September 30, 2013
Transit agency funding could be affected, but not highway funding, if
a congressional deadlock forces a partial shutdown of the federal
Both the Federal Transit Administration and the
Federal Highway Administration draw from the highway trust fund, which
expires a year from now. “So we have continued budget authority for
another year,” said Travis Brouwer, federal affairs adviser for the
Oregon Department of Transportation.
The trust fund is not dependent on annual appropriations from Congress. Since a six-year authorization expired in 2009, however, Congress has renewed the fund only for short periods; the latest two-year extension will expire one year from today.
Brouwer said, staffing for the Federal Transit Administration is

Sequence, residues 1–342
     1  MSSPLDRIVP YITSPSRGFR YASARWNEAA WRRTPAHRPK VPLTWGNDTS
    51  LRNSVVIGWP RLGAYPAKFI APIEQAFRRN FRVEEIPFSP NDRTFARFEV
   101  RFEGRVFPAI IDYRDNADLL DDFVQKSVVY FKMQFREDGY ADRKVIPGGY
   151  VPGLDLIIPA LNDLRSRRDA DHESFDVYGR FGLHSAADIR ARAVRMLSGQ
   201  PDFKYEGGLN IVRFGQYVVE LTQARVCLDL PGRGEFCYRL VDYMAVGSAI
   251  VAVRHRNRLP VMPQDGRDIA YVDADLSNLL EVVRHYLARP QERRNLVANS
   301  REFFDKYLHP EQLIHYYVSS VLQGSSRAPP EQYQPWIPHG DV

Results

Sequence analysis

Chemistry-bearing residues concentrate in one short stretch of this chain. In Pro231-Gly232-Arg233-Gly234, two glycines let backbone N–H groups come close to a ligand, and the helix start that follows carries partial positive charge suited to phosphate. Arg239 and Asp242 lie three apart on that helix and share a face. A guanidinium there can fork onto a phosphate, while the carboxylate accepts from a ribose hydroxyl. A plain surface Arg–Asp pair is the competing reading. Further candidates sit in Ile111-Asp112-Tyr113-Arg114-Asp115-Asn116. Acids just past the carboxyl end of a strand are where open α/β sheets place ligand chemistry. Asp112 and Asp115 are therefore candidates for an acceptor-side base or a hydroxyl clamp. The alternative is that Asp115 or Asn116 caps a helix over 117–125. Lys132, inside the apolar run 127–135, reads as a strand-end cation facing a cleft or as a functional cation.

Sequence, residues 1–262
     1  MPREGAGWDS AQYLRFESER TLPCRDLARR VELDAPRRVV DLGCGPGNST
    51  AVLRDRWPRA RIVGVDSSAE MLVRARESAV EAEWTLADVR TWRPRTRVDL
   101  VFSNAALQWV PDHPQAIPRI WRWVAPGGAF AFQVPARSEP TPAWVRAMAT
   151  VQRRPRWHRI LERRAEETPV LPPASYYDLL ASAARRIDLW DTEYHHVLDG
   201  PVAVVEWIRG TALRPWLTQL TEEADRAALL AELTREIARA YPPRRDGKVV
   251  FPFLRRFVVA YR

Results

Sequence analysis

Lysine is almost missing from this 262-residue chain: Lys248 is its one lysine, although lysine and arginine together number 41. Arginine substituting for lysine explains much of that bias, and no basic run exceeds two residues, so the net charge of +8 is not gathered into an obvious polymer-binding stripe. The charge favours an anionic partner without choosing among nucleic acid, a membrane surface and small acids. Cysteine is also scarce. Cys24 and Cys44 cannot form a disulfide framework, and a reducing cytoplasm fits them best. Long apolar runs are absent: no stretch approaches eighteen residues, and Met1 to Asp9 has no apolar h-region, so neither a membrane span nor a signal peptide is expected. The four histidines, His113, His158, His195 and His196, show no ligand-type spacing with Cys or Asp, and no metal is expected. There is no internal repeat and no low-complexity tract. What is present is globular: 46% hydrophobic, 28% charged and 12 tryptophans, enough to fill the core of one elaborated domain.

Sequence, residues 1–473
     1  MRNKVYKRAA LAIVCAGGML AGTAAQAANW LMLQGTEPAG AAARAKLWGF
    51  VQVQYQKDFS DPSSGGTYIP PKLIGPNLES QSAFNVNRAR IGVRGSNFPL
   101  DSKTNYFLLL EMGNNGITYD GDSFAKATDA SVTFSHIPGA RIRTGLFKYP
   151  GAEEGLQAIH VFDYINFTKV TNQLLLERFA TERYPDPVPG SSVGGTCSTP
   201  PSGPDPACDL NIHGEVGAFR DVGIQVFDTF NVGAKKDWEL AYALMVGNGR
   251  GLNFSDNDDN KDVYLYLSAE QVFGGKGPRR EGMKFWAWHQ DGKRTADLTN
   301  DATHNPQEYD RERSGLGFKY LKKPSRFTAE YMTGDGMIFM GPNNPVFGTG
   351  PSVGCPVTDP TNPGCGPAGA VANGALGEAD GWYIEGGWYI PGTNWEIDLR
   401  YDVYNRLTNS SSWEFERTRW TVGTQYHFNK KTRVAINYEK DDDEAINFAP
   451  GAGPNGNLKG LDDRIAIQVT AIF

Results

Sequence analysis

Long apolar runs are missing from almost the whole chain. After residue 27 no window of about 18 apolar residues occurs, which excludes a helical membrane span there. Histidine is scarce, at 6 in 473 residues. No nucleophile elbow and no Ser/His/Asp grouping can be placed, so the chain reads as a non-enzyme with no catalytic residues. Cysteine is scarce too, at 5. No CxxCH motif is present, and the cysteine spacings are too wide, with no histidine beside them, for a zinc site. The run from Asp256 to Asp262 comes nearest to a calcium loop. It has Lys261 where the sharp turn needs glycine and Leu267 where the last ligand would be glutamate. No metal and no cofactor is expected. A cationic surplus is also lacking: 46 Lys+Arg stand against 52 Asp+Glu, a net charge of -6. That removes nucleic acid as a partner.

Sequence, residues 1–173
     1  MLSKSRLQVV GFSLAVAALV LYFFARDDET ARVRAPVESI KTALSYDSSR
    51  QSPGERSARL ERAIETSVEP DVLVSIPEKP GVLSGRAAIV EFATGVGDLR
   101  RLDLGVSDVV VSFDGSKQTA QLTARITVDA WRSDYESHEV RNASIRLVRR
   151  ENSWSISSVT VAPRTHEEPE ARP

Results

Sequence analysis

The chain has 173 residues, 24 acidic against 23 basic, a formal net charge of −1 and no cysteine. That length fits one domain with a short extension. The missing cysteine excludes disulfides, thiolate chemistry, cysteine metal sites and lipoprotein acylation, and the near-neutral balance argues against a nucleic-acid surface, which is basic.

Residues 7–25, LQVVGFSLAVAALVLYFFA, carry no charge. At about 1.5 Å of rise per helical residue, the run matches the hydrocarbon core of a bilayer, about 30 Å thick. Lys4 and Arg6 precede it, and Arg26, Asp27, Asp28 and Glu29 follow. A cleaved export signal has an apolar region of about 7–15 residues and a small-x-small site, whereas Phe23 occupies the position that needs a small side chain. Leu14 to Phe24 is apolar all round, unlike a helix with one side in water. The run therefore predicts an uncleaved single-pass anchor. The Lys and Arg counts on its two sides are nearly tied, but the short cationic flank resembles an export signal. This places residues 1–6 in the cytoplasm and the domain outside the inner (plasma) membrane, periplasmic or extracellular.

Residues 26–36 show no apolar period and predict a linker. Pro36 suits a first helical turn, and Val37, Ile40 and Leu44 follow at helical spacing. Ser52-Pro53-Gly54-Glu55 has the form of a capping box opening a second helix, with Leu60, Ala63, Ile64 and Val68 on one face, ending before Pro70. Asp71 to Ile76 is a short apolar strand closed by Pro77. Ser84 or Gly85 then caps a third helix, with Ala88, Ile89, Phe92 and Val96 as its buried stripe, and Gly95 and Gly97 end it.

dependent on annual appropriations, so that agency cannot process grants
and the staff will be on unpaid furlough if there is a shutdown.
payments by the staff to local transit agencies could be delayed. Some
of those payments are funneled through ODOT’s Public Transit Division to
smaller agencies, although larger agencies such as the Salem-Keizer
Transit District receive their federal payments directly.
transit providers could feel the effects of a shutdown if it’s long,”
Brouwer said. “Smaller providers do not have the cash flow of larger
providers, so they may feel the pain first.”
As for the
Federal Highway Administration, whose Oregon headquarters are in Salem,
and federal money to the Oregon Department of Transportation, a shutdown
will have no immediate effect. The federal trust fund consists of
gasoline taxes and other receipts.